Scottish economy shrinks further
The Scottish economy faced a deeper recession in the first half of this year than previously thought, according to new figures.
Scottish government statistics showed output fell by 0.2% in the first quarter of the year, revised down from the previous estimate of -0.1%.
New figures for April to June show a 0.4% fall - the same level of decline as the UK as a whole.
Growth has been flat, taken over four quarters from the middle of last year.
Figures from the chief statistician indicated that the services sector grew by 0.2% in the second quarter.
But total output in the production sector fell by 3.8% following growth of 1.2% in the previous three months.
The largest contribution to the fall in total GDP was from the electricity and gas sector, which fell by 15.1% in the latest quarter.
This fall was partially offset by overall growth in both the services and construction sectors.
The second dip of recession hadn't looked so bad in Scotland.
When last we looked, the last quarter of 2011 and the first quarter of 2012 saw the economy only contract very slightly, and only then because of a deep decline in construction.
But while the UK figures have been revised upwards, meaning they look less bad, the Scottish figure for January to March has been revised down, and the new figure for April to June, contracting by 0.4%, is level with the revised UK figure.
Taken over the year, June to June, that means no growth at all in the Scottish economy, whereas the UK figure was at 0.4% due to strong figures last autumn.
While construction explained much of the downturn, it had a better spring and showed growth.
The poor performer this time was in electricity and gas, down by 15%.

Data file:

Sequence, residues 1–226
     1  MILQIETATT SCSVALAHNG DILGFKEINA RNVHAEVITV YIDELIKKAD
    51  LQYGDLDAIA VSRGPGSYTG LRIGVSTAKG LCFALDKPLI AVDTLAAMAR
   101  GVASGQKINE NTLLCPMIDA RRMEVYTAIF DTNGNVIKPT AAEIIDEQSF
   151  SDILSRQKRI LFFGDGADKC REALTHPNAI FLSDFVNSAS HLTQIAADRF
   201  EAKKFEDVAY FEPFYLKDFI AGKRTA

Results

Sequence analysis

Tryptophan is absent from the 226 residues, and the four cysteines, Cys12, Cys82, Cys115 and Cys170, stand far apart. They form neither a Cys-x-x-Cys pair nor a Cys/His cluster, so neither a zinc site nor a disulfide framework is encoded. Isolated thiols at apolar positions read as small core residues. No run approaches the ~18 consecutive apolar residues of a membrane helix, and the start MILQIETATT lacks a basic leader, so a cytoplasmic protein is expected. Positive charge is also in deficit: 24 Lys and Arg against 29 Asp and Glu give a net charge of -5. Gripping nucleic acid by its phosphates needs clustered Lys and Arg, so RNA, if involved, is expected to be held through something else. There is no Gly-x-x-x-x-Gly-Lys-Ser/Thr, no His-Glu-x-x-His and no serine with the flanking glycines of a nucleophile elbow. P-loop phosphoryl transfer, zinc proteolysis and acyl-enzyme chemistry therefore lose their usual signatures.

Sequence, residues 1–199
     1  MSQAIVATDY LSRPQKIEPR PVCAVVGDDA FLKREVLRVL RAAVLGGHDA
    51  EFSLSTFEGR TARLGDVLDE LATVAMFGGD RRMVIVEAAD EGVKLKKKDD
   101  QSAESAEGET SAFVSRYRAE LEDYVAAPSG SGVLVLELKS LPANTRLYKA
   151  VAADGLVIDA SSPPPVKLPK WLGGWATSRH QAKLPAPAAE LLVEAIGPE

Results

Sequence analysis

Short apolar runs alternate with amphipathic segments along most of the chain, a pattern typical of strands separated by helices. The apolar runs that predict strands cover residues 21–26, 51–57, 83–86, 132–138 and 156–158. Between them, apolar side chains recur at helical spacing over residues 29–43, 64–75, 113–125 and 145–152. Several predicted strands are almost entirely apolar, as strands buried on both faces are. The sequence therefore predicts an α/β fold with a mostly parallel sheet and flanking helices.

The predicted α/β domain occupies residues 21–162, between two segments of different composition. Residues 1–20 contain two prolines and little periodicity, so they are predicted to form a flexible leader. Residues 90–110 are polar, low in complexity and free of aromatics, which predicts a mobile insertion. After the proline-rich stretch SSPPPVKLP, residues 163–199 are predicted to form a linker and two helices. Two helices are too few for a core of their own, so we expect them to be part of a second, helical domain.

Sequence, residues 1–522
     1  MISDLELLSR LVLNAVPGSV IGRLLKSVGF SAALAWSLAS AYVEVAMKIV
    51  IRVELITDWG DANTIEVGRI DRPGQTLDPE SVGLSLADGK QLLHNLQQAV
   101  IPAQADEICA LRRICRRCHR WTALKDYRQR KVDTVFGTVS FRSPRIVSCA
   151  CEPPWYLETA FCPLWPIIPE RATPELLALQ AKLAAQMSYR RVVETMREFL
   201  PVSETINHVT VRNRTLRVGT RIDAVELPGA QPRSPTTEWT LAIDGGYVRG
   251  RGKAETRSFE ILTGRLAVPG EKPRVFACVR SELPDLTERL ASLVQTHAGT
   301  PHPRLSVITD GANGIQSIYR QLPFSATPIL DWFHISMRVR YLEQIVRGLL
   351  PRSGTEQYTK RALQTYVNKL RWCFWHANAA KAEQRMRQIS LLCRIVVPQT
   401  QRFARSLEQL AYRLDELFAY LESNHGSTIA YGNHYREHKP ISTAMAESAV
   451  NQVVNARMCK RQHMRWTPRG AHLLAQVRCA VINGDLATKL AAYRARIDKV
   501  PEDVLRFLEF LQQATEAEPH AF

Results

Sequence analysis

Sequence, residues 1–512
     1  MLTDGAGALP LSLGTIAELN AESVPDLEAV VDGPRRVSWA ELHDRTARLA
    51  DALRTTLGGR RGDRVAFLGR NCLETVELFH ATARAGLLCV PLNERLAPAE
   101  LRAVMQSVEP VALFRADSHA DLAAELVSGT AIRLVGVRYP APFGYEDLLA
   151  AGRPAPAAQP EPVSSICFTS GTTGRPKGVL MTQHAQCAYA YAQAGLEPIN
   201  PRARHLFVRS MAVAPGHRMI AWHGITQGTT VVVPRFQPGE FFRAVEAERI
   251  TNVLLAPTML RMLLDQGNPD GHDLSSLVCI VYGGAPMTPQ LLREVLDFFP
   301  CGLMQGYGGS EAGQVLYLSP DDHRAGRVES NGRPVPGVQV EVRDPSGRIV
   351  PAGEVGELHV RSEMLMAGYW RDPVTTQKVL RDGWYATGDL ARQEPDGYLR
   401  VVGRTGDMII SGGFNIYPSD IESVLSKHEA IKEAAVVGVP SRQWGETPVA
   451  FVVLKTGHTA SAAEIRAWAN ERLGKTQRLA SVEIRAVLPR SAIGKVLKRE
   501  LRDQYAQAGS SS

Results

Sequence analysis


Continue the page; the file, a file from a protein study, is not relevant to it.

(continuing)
That doesn't include the output from offshore fields, which has also fallen sharply, but which is accounted separately.
It may reflect the volatility of output from the growing stock of wind turbines.
Manufacturing output fell by 2.2%, dragged down by negative growth in textiles, leather and clothing (-3.8%).
Construction output grew by 2% in the second quarter but on an annual basis has fallen by 10.0%.
Deputy First Minister Nicola Sturgeon said the latest economic indicators demonstrated "more than ever" the need for Scotland to have all the economic powers needed to deliver recovery, and urged the UK government to take action on jobs and growth.
"Today's figures show once again that Scotland is suffering under the UK government's do-nothing economic policy," she commented.
"Even without the full economic powers of an independent nation and in the face of Westminster's cuts, this government is doing everything it can to stimulate Scotland's economy and protect families, businesses and front line services."
She added: "In contrast to the UK Government, we have set out in Scotland's draft budget further investment in construction, skills and the green economy."
CBI Scotland reiterated its concerns about the state of Scotland's economy following the release of the figures.
Director Iain McMillan said: "The data published today shows that Scotland's economy was still stuck in recession in the second quarter of this year.
"And we are currently seeing unemployment continuing to rise, albeit with the claimant count coming down.
"Of course, Scotland's economy is suffering from the ripple effects of wider economic difficulties in the EU and further afield.
"But this shows, once again, that the UK and Scottish governments need to devote their entire energies to putting in place those policies that will lift our economy and get people back into work."'Long way to go'
The Scottish Building Federation said there was "still a very long way to go" towards recovery in the construction industry.
Chief Executive Michael Levack said: "Whilst these statistics may suggest some signs of modest short-term growth in the construction sector during the second three months of 2012, politicians must be extremely wary of drawing any long-term conclusions from the figures.
"The fact remains that the industry has shrunk by 10% over the past year so there's still a very long way to go before we can consider ourselves to be in recovery mode."